Telematic sonic performance using Internet, bi‐directional streaming, mobile streaming
Saturday 15 October 2016
A real-time bidirectional streaming of ‘nomadic voices’ between London and Cambridge, for the audience to perceive a deterritorialized sense of place and respond creatively using Twitter. The visualisation of this textual response will be projected simultaneously on a wall. The text will serve as the translated experience from the Cambridge audience, of distant voices and sounds, suggesting the expansion of spaces for living and being, through a mixture of languages and multiple identities.
FLO (Female Laptop Orchestra) is a music research project founded in 2014 by Nela Brown with the aim of bringing together female musicians, artists, engineers, composers, hackers and scientists to explore co-located and distributed collaborative music making within different contexts. The first two FLO performances (Klang 2015 and PQ2015) were centred around an algorithmic system for mediating collaboration in telematic improvisation called Union (developed by Shelly Knotts) and included three co-located and six remote performers. In Transglasphõné, FLO’s current performance, has involved Ximena Alarcón, Nela Brown, Magdalena Chudy, and Maria Papadomanolaki streaming audio from different indoor and outdoor locations around London over to the audience in São Paulo (CMMR 2016). For audience of ALL2016, FLO performers will stream and improvise between London and Cambridge.
Nela Brown (founder and creative director of FLO), is an award winning Croatian musician, sound designer, researcher and educator based in London. After graduating with a BA (Hons) in Sonic Arts, she got involved with designing sound for contemporary theatre, dance, interactive installations and documentaries as well as exhibiting her electroacoustic work, before joining Queen Mary University of London to do a PhD in Computer Science. In the past ten years, her sound work has travelled across Canada, Italy, Brazil, Spain, Czech Republic, England, Scotland and US and she is a regular speaker at music and technology events like MTF, Campus Party, Sonar and World Stage Design. At QMUL she is also a leader of G.Hack, an art & technology lab for female researchers.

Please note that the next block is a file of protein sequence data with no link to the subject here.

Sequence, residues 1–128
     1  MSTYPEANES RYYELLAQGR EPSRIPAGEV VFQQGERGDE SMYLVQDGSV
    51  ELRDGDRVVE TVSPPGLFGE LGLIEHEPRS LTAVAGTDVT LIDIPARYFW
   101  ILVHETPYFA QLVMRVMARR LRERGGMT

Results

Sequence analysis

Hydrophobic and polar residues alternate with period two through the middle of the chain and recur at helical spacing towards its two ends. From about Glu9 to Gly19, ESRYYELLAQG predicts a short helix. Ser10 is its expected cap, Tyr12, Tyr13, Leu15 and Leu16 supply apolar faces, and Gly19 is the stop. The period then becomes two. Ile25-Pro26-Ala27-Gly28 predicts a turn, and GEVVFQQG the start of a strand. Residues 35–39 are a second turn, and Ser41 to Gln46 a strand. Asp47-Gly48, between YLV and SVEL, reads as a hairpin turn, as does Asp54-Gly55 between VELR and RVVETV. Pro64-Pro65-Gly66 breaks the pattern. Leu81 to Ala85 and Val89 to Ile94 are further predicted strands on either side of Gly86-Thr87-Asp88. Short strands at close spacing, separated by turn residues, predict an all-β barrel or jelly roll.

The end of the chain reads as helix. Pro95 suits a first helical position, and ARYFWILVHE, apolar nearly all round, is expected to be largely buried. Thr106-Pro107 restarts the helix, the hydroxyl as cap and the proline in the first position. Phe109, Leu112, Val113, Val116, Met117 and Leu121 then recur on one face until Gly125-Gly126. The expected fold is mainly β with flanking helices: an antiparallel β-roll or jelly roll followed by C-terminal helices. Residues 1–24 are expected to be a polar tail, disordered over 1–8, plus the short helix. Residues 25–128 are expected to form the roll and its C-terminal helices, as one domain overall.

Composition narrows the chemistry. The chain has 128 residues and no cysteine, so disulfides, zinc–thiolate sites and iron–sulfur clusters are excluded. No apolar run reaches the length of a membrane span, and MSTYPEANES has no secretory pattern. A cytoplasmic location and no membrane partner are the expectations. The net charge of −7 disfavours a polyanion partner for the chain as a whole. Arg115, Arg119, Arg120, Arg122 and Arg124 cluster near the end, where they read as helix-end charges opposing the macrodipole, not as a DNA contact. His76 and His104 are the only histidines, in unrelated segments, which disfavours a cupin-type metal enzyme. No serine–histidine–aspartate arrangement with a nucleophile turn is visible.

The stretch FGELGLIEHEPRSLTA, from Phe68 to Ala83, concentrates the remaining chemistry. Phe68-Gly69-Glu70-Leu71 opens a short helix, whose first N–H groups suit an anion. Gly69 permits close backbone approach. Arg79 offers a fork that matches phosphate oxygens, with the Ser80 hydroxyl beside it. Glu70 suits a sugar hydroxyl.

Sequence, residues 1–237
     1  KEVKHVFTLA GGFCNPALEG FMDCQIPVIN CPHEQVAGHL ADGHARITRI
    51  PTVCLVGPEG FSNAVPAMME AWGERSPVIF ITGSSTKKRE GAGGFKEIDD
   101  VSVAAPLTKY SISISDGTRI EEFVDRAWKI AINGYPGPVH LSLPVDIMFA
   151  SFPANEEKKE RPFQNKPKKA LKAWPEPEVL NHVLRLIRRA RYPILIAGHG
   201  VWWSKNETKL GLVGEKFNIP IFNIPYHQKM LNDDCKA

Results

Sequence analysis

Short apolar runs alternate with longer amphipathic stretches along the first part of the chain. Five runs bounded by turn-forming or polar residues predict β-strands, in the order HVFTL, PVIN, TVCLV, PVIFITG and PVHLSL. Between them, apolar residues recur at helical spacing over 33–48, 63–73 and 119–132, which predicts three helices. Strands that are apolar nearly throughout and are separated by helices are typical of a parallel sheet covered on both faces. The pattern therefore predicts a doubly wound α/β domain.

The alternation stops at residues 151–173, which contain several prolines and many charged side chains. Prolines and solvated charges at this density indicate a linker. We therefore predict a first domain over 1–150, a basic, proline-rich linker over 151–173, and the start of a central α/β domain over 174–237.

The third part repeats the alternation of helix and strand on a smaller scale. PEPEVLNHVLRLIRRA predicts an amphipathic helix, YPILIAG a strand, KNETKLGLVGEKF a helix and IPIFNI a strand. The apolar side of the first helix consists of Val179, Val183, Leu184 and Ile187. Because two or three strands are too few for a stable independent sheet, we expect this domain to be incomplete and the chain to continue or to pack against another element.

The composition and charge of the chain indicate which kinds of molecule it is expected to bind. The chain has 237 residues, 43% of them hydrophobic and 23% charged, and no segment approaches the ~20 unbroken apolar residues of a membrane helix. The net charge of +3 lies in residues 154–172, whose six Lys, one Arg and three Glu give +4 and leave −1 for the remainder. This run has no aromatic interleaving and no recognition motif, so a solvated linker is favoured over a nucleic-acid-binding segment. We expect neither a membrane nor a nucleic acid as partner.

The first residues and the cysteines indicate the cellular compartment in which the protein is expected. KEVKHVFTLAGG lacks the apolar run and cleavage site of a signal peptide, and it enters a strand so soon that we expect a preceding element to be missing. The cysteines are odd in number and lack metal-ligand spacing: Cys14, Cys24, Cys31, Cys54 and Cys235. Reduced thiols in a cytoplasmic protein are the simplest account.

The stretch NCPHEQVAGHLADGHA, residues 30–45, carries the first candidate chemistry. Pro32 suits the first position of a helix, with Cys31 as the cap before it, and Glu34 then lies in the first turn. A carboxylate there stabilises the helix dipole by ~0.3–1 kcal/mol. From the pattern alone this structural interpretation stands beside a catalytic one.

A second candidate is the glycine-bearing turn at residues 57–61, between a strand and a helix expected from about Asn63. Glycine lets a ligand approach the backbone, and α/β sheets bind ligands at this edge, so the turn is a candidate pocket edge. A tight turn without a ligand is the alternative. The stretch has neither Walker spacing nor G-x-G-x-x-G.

Magdalena Chudy is a Polish musician, music technologist and computer scientist. She studied cello at St. Petersburg Conservatory (Russia) and computer science at Warsaw School of Information Technology (Poland). Her current PhD research at Queen Mary University of London focuses on player-dependent aspects of musical timbre. She is particularly interested in exploring the relationship between instrumental gesture, tone quality and perception in classical cello performance. In addition to her research and performance activities, Magdalena has been involved in QMUL’s Women in Science and Technology focus groups such as WISE@QMUL and G.Hack.
Maria Papadomanolaki is a Greek artist who works within the fields of sound design for dance and film, networked performances, exploratory work- shops, installation and transmission art. She has a background in literary and sound studies. She has presented her work and research at galleries, conferences and festivals in Europe, UK and the US. Maria is conducting PhD research on sonic perceptual ecologies at CRiSAP, UAL, London. She is the co-founder of SoundCamp and is the producer of Sensing Cities, an ongoing series of interviews broadcast on Resonance FM.
Ximena Alarcón is a Colombian sound artist and Research Fellow at CRiSAP. Her practice-based research focuses on the creation of telematic sonic performances and networked environments to expand our sense of place, using field recordings and spoken word in urban and migratory contexts. She has a PhD in Music, Technology and Innovation, from De Montfort University, and was awarded with a Leverhulme Early Career Fellowship 2007-2009. Her art projects include: the online environment Sounding Underground (London-Mexico-Paris); and Networked Migrations – a series of telematic performances exploring, through Deep Listening, migration and dislocation, in UK, Colombia, Mexico, Troy, France, Linz and Bangalore. Her last performance Suelo Fértil [Fertile Soil], commissioned by UNESCO, became a telematic sound art collective for migrant women.